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Mr. Gladstone and Mr. Morley would result in the maintenance of law and order by the creation of a lawabiding national character in Ireland; that the sovereignty of Parliament would not be thereby infringed from a constitutional point of view; that the effective power of the Queen's Government over that island would be strengthened; and the unity of the three kingdoms and of the Empire made more real and lasting.
Whether, having regard to the religious differences which exist in Ireland, and the economic state of the country, the interests of the minority were sufficiently protected by the Bill of Mr. Gladstone, is a question which is not directly connected with the inquiry that has been pursued in these pages, and which requires independent investigation. As to the fears entertained, or at any rate expressed, that the establishment of an Irish Parliament would lead to oppression of Protestants, it may be very confidently stated that the restrictions imposed by the 4th section of the rejected Bill on the Irish legislative body were quite sufficient to prevent any persecution of Protestants or the undue favouring of Catholics by any statute that could stand the trial of its validity in a court of justice. But, in fact, so far as one can see, the apprehensions of Catholic ascendancy in any improper sense are baseless. *
* See Canon MacColl's forcible remarks on this point, “ Reasons for Home Rule,” 3rd edition, p. 68.
It would take me too far from the main subject of this essay even to touch on the means that should be taken to protect landowners from any measures as to real property which might be passed by the proposed Irish Parliament, and which might prejudicially affect those now interested in the land of Ireland. In considering the draft of the Bill, it must be remembered that the Land Bill formed an integral part of the Government scheme. Assuming that this measure is dropped, it would no doubt be only just to limit the powers of the Irish legislative body in dealing with the law of real property. It must, however, be remembered that the best security for property is to be found in the enforcement of law with the general consent of the community. It has been pointed out also that there is nothing to show that the Irish people have been or are actuated by any socialistic impulses; on the other hand, everything seems to show a passionate attachment on their part to the principle of private property in land. The agitation in Ireland has been due not so much to hostility to the existing law of real property as a system, as to the deep conviction of the Irish people that the landlords have no just or moral title to the profits of the land, and for the explanation of this conviction we must go back to those effects of the English conquest to which attention has been drawn above.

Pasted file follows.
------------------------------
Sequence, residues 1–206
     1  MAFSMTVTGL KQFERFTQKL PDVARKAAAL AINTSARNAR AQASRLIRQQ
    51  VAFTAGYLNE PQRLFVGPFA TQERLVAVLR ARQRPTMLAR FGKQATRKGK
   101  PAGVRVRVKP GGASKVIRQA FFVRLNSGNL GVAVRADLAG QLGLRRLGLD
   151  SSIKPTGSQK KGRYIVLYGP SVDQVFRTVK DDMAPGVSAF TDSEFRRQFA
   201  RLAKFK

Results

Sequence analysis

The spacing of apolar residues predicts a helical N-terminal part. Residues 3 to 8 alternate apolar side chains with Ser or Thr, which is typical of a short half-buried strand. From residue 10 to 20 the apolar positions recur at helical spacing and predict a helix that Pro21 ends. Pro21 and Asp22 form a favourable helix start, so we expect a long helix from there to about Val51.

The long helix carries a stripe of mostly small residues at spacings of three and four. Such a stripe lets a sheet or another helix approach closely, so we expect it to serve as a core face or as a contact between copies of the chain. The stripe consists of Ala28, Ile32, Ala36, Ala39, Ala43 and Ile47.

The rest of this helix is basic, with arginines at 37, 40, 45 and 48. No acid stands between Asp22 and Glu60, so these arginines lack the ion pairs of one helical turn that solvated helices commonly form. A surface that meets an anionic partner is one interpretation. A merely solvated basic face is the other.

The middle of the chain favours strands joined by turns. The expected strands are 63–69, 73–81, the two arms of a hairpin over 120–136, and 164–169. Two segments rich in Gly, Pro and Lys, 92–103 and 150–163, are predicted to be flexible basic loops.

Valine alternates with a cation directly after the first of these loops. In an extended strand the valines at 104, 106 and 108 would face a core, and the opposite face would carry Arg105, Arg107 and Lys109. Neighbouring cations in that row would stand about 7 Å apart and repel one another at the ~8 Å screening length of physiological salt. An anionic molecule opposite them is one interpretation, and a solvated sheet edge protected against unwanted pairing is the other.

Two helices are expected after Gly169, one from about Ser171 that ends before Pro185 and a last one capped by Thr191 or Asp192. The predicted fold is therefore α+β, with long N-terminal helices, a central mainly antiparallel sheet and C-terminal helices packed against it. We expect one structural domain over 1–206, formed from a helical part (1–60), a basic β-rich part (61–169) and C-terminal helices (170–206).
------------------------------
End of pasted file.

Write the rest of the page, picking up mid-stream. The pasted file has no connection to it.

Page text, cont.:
That so generous a measure of Home Rule as was offered by the Cabinet of Mr. Gladstone should have at once commended itself to the country, was hardly to be expected; but even now in the hour of disappointment the Prime Minister and his colleagues have the satisfaction of feeling that the time is not far distant when it will be recognised by all parties that the true solution of the long-standing Irish difficulty lies in the adoption of some such scheme of government as they have suggested. The causes of Irish disorder are too deep-rooted to be removed by any measure for the extension of mere local government. No plan that does not meet the reasonable claims of Irish nationality will suffice to appease the existing discontent, and it was the peculiar merit of Mr. Gladstone's Bill that it amply recognised this necessity.
The only course logically consistent with a denial of the demands of the national party is a policy of resolute coercion. We may again resort to oppressive laws and armed force. If we do, we shall doubtless obtain a superficial triumph; but victory will be purchased at too great a cost, for its inevitable consequence will be that every Irishman of spirit will quit his native land to find a new home beyond the seas, and bequeath to his children a legacy of hate and a hope of vengeance; while there will be left behind only a soulless remnant from whose dull eyes the lively light of Celtic genius will have gone for ever.
The policy of conciliation is based on an extension of the confidence already reposed by the Constitution in the Irish people
on the belief that they have the same capacities for self-restraint and development that other races possess, and the conviction that they will, when the national spirit is fairly met, learn to subordinate their own interests to the common good of the whole Empire. No doubt this confidence may be misplaced; the hopes we form may be disappointed. “In nature's infinite book of secrecy” we can read but little, and what we have learnt does not enable us to predict with certainty the consequences of any political action. We can only guide our conduct in the affairs of the State by inferences drawn from our knowledge of human nature and the lessons of history; and most assuredly, when tried by these inferences, a patient, large-hearted, and generous policy towards Ireland is more likely to succeed than to fail, more likely to cement than to dissolve the Union. “Magnanimity in politics is not seldom the truest wisdom; and a great Empire and little minds go ill together."